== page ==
10. Memorandum From the Assistant Secretary of the Treasury for International Affairs (Leland) to the Under Secretary of State for Political Affairs (Eagleburger)1


  • East-West Differentiation

I have reviewed the draft decision memorandum on differentiation which was discussed at a SIG on Monday, May 3, 1982.2 I continue to have serious reservations about this paper and do not believe that it should be forwarded to the President in its current state.

My major concern is that the paper does not clearly inform the President as to whether the policy which is being recommended is any different from that which successive administrations have applied over the last ten years. If it is, the paper should analyze what these differences are and what policy objectives we can expect to achieve vis-a-vis the status quo in Eastern Europe that resulted from the December crackdown in Poland. If the policy being recommended is not different, the paper should clearly say so and why.

In this connection, I am also concerned that the paper does not analyze the extent to which the policy of differentiation has indeed made a difference in terms of individual Eastern European countries’ undertaking policies which are favorable to the United States and the West. If the proponents of differentiation feel so strongly that it has had an impact, the President should be made fully aware of the examples that support this case. Some stress is placed on Poland, but the discussion [Page 30] of it is unbalanced insofar as the money we sank into it is not factored into the costs. If it were, Poland would be a two-edged sword as a case study of the application of differentiation. Moreover, an argument can be made that providing Eastern European countries with the benefits accorded to other Western countries—e.g., MFN, official loans, etc.—relieves the Soviet Union of the necessity to provide resources to them at the margin. This case is mentioned but not really developed. I think the President would benefit from having this case spelled out and analyzed more fully.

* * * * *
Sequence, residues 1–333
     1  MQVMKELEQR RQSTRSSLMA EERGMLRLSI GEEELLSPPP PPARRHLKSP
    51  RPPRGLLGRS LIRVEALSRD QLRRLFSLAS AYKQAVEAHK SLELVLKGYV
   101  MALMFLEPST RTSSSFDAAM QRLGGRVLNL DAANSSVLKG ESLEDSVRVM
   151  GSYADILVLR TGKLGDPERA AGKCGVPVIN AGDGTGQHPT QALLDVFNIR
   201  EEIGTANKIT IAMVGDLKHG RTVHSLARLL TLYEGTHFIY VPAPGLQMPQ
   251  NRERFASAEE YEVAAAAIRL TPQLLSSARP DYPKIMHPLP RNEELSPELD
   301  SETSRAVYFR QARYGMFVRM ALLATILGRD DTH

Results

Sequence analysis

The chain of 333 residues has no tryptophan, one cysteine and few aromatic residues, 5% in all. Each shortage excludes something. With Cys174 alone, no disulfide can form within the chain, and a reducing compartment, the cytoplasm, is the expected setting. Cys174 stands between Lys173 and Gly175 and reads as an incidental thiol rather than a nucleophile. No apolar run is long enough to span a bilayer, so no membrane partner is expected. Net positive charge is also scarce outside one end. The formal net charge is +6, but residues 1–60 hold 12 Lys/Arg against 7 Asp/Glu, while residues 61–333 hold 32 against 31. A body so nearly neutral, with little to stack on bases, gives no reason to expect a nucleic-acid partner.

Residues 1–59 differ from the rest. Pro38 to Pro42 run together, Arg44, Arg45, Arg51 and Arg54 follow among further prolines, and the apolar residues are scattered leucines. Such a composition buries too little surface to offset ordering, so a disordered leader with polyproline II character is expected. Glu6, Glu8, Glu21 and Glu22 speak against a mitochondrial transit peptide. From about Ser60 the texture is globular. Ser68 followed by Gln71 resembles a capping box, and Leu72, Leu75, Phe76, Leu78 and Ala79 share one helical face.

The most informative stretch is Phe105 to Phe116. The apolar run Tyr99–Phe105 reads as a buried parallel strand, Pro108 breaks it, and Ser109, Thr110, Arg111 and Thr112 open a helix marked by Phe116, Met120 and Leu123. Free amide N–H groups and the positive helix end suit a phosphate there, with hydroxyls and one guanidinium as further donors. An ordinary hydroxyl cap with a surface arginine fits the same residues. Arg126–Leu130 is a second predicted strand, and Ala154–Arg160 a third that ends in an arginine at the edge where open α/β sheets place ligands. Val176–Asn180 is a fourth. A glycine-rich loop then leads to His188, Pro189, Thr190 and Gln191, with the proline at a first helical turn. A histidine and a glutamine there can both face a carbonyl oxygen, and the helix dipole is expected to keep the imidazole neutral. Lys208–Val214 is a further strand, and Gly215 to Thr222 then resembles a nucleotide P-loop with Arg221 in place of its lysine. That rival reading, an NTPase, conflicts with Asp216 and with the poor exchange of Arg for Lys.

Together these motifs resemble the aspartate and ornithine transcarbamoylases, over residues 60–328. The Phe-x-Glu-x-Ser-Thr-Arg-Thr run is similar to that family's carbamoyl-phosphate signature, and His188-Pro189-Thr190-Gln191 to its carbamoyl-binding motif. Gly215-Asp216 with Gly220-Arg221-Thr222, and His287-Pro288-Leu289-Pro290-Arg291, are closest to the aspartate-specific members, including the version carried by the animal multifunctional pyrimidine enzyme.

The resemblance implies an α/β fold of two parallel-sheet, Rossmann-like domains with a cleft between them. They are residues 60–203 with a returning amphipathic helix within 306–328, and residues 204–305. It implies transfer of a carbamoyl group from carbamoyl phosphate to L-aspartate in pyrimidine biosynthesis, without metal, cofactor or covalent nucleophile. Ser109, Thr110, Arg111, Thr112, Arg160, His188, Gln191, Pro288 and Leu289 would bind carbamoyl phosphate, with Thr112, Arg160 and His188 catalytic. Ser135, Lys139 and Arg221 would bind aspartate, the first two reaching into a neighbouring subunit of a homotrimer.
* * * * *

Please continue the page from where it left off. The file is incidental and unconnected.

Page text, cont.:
Thus, we are left with the situation whereby “differentiated” Eastern European states obtain the benefit of resource flows from the West as well as access to the West’s trade and credit facilities. Yet there is no question that they remain—and will continue to remain—members of the Warsaw Pact. Is this in our interests? This is what the paper should be addressing in the context of continuation of the status quo. It never comes to grips with this issue.

Finally, I would hesitate to seek a policy determination on this issue at a time when the Buckley initiative is still underway.3 It does not seem to me that we should be putting forward this issue until such time as we see more clearly what the results of that initiative are. It follows that the President should not be asked to make a decision of this nature until all the relevant factors—of which the Buckley mission is just one—have been carefully weighed and analyzed.

  1. Source: Reagan Library, European and Soviet Affairs Directorate Files, Eastern Europe, US Policy Toward NSSD 5–82; NSDD 54 (4). No classification marking. A copy was sent to Under Secretary of State for International Security Affairs Buckley.
  2. See Document 9.
  3. In March 1982, Under Secretary Buckley visited Western European countries to consult with allies on restricting loans to the Soviet Union. See Foreign Relations, 1981–1988, vol. III, Soviet Union, January 1981–January 1983, Documents 145, 146, and 152.